|WikiProject Medicine / Ophthalmology||(Rated Start-class, Low-importance)|
|WikiProject Anatomy||(Rated C-class, Mid-importance)|
|Fovea centralis received a peer review by Wikipedia editors, which is now archived. It may contain ideas you can use to improve this article.|
I think I have deduced from clues elsewhere in the article that the main diagram shows a horizontal section through the right eye. It would help if this was stated explicitly in the caption. 126.96.36.199 17:41, 7 February 2007 (UTC)
Chromatic aberration, pigment absorption of blue light
How the presence of a blue light-absorbing pigment acts to reduce chromatic aberration is rather unlcear. A short explanation detailing how it occurs would be much appreciated! 188.8.131.52 (talk) 21:02, 31 March 2008 (UTC)
When it says: "where only cone photoreceptors are present and there are virtually no rods."
It doesn't make sense. First it says there are "only" cones, but then it says "virtually" no rods. Can someone make this more clear? I would like to know the correct answer. Thanks. —Preceding unsigned comment added by 184.108.40.206 (talk) 03:51, 6 April 2009 (UTC)
"micrometres" is a length not an area
The Quote is.."The perifovea contains an even more diminished density of cones, having 12 per 100 micrometres versus 50 per 100 micrometres in the most central fovea" —Preceding unsigned comment added by Dave3457 (talk • contribs) 19:21, 4 October 2009 (UTC)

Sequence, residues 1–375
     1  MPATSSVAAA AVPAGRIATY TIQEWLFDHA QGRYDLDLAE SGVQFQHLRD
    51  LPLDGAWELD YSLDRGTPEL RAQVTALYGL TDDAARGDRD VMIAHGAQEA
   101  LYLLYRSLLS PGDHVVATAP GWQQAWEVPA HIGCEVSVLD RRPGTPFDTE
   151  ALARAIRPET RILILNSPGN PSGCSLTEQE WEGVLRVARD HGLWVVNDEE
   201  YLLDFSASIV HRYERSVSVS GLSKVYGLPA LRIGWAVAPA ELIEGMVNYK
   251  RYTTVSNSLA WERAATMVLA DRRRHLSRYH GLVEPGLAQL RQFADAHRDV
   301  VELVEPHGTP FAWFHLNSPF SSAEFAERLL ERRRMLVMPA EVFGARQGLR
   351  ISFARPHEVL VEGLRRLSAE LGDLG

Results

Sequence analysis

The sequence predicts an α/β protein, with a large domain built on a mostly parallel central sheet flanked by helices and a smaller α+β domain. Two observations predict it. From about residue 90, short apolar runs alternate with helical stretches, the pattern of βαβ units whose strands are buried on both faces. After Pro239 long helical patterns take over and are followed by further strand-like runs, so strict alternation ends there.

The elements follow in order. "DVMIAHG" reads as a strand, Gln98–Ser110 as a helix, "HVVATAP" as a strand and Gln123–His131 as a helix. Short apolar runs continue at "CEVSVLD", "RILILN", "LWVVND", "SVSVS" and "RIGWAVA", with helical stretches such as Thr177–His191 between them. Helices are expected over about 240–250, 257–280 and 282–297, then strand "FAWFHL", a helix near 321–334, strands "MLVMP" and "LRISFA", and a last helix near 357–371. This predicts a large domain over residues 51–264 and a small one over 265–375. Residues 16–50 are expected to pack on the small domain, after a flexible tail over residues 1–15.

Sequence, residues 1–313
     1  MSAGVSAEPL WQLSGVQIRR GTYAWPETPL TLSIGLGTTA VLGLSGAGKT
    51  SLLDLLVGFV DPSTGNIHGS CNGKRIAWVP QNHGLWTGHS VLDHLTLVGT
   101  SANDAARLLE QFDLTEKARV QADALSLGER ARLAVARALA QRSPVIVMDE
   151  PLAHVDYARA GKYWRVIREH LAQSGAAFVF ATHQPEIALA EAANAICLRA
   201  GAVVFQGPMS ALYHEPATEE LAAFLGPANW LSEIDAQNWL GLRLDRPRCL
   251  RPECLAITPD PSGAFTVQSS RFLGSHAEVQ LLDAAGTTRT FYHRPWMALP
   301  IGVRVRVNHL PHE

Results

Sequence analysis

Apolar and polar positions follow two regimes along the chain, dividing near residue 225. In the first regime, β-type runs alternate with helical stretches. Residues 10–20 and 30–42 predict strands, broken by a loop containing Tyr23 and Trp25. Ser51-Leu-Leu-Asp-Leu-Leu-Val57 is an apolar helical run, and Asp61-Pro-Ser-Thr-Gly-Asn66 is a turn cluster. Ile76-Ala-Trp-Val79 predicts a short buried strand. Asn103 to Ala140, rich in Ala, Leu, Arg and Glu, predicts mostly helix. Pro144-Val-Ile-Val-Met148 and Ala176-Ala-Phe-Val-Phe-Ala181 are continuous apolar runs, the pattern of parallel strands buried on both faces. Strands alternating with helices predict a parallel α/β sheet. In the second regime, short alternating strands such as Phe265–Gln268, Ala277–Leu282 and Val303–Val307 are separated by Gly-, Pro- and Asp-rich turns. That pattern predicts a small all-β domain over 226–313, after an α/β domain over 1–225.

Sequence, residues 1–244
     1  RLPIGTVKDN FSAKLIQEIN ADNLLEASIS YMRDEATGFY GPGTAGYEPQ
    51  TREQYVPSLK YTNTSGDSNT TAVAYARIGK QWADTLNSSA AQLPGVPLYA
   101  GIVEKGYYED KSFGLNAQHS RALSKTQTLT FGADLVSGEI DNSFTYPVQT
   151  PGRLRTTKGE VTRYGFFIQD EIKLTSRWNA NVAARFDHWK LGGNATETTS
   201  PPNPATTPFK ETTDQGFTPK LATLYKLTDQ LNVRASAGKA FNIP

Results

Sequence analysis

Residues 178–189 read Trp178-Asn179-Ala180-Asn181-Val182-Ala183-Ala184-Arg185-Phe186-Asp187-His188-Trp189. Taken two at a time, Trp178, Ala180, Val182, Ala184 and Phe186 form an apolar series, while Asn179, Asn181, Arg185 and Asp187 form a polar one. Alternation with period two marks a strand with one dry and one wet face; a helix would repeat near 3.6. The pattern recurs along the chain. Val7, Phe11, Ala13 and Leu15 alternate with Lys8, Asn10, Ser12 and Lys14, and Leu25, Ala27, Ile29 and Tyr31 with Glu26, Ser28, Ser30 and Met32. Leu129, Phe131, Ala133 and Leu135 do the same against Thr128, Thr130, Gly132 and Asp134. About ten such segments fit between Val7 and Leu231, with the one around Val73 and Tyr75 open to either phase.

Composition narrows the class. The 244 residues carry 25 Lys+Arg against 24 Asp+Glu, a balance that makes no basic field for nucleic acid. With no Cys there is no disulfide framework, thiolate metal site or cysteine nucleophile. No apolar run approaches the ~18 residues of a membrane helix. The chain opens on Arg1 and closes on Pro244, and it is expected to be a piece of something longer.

Maybe square microns?
Rods or Cones in Parafovea
"The fovea sees only the central two degrees of the visual field, which is roughly equivalent to twice the width of your thumbnail at arm's length." First, two degrees probably is two degrees in visual angle. Second, this citation is outdated, the new edition of the book is from 2005. Third, this citation is worthless, since no research has been performed. The citation is to a book that just states exactly the same, without any citations. There is no research to base this statement on, not in wikipedia and not in the cited book. —Preceding unsigned comment added by 220.127.116.11 (talk) 13:22, 1 November 2010 (UTC)
- The human fovea is around 5 degrees according to Franco et al. (2000) Conservation of absolute foveal area in New World monkeys. A constraint on eye size and conformation. Offspinner (talk) 02:17, 22 March 2012 (UTC)
50% of visual cortex
"The fovea comprises less than 1% of retinal size but takes up over 50% of the visual cortex in the brain." This is almost certainly incorrect. I don't know where to find the exact number, but for V1/V2/V3 it's around 30%, if you consider the human fovea to be 5 degrees. See Schira et al., (2007) "Two-dimensional mapping of the central and parafoveal visual field to human visual cortex" and Schira et al., (2009) "The foveal confluence in human visual cortex." Offspinner (talk) 02:17, 22 March 2012 (UTC)
Citation for mammalian colour vision
The current article states: "Since cones contain the pigmented opsins that allow humans to discriminate color, the fovea is largely responsible for the color vision in humans, which is superior to that of most other mammals."
How about this reference to a paper written in 1993:
http://www.ncbi.nlm.nih.gov/pubmed/8347768 Biol Rev Camb Philos Soc. 1993 Aug;68(3):413-71. "The distribution and nature of colour vision among the mammals." I think that the point is that the issue is no longer considered contentious enough to write papers about it. DJMcC (talk) 13:22, 26 September 2012 (UTC)